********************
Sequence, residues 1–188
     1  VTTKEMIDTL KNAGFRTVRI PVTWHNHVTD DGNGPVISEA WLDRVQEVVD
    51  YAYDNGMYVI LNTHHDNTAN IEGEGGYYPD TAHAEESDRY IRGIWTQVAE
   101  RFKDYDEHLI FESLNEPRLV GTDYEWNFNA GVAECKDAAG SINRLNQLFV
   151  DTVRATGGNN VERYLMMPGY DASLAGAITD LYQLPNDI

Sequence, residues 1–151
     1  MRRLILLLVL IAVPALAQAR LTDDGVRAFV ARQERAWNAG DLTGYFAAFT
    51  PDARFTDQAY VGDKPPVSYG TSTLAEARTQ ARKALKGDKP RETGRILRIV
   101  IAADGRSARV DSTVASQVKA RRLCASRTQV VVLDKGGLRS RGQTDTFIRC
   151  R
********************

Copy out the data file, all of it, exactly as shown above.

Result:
Sequence, residues 1–188
     1  VTTKEMIDTL KNAGFRTVRI PVTWHNHVTD DGNGPVISEA WLDRVQEVVD
    51  YAYDNGMYVI LNTHHDNTAN IEGEGGYYPD TAHAEESDRY IRGIWTQVAE
   101  RFKDYDEHLI FESLNEPRLV GTDYEWNFNA GVAECKDAAG SINRLNQLFV
   151  DTVRATGGNN VERYLMMPGY DASLAGAITD LYQLPNDI

Sequence, residues 1–151
     1  MRRLILLLVL IAVPALAQAR LTDDGVRAFV ARQERAWNAG DLTGYFAAFT
    51  PDARFTDQAY VGDKPPVSYG TSTLAEARTQ ARKALKGDKP RETGRILRIV
   101  IAADGRSARV DSTVASQVKA RRLCASRTQV VVLDKGGLRS RGQTDTFIRC
   151  R